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The sluggish pace of American football has not always been an asset, but Sky Sports executive Barney Francis thinks it could be key to the game’s success with emerging youth.
Francis’ sons, ages eight and 11, seem to be in natural sync with the American game’s short bursts of activity, which are interspersed with endless pauses, time-outs and referee decisions. They are more drawn to the game than soccer, which is a mainstay in Britain.
“They concentrate for five seconds of time and then they drift,” said Francis, managing director of Sky Sports.
The appeal of bite-sized content to an increasingly smartphone-dominated society was a key takeaway from proceedings at the Leaders group’s Sports Business Summit in New York.
Participants, including teams, agents and advertisers, are still looking for the secret to keep the big money flowing in pro sports in an era of media flux.
They rued declining attendance at many live sporting events and the effects of the decline of traditional media business models.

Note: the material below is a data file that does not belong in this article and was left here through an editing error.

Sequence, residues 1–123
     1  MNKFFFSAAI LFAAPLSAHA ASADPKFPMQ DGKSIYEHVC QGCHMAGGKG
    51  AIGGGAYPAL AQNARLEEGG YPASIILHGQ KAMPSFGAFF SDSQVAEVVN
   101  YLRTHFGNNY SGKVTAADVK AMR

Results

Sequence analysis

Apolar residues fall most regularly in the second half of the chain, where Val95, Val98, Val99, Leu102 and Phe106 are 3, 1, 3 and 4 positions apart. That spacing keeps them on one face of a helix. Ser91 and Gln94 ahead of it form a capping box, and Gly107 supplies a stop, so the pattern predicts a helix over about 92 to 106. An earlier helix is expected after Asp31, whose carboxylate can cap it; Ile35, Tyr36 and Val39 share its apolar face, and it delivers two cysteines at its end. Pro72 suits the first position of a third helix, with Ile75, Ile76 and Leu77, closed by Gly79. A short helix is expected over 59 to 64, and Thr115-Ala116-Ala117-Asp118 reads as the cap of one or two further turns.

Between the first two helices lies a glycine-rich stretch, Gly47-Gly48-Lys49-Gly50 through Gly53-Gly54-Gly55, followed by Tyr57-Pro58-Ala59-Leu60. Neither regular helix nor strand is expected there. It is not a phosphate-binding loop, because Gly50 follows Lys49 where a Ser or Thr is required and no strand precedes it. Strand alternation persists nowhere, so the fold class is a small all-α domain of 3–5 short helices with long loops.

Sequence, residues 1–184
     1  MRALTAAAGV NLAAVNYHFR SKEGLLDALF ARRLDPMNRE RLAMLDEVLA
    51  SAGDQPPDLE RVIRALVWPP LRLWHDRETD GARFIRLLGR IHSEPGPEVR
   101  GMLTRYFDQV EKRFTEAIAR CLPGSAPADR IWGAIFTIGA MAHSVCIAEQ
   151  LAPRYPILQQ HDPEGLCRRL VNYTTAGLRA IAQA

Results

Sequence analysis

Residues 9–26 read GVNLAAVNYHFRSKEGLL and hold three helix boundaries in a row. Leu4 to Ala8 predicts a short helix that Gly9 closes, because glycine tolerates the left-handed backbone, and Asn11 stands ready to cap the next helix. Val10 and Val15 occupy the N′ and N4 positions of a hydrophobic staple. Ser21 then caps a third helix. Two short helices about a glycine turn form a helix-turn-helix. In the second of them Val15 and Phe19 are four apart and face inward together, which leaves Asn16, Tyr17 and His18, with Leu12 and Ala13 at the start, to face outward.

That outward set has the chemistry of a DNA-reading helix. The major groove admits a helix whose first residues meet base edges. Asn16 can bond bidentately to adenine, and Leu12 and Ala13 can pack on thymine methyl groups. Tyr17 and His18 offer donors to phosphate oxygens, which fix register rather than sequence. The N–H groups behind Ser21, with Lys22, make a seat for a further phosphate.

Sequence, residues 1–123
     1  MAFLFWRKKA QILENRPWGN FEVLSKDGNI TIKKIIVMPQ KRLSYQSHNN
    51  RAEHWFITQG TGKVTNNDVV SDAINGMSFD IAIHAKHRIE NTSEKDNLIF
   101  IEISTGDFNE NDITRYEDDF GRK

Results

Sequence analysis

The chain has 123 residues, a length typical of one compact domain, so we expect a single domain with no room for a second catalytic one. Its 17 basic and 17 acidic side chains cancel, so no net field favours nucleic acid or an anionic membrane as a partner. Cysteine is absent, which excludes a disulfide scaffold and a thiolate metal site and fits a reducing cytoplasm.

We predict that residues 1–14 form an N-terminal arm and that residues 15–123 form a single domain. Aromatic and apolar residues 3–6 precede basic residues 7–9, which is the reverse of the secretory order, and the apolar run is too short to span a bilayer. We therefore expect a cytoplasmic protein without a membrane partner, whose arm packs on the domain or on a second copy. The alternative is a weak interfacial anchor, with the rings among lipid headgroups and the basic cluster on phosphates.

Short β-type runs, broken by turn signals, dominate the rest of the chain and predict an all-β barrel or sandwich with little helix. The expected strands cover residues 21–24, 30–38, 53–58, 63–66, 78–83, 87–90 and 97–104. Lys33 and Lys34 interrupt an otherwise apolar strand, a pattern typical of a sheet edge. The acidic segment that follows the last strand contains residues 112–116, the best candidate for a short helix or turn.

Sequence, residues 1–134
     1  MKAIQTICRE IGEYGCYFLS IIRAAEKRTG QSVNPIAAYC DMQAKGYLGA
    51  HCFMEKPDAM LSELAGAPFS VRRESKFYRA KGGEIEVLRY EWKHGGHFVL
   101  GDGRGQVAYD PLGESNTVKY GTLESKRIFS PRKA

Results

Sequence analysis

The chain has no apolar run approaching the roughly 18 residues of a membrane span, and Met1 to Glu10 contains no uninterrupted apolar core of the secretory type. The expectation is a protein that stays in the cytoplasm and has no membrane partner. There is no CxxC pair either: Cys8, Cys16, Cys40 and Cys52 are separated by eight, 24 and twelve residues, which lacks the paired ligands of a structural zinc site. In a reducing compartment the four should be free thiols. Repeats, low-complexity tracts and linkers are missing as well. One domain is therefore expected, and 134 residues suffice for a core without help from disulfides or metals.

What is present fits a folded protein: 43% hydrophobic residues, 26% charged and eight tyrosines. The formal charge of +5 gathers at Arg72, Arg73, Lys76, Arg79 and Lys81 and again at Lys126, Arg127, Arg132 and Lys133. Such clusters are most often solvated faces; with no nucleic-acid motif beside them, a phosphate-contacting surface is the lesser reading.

Youth “are using devices more than ever before. Their spare time is more pressurised than ever,” Francis told AFP on the sidelines of the event.
“They want new things all the time.”
Digital revenues lag
CBS Sports has enjoyed success with other youth-culture mainstays, such as Twitter and Facebook feeds prepped in tandem with sporting events, or short behind-the-scenes segments on rising millennial golfers like Rickie Fowler and Jordan Spieth, said CBS Sports chairman Sean McManus.
“Social media is a big opportunity with the millennials,” he said.
However, McManus described a tricky calculation with the bulk of the company’s advertising revenue still coming from traditional broadcast and cable.
“The fact of the matter is the NFL gets the lion’s share of its revenue from broadcast television and from basic cable television,” McManus said.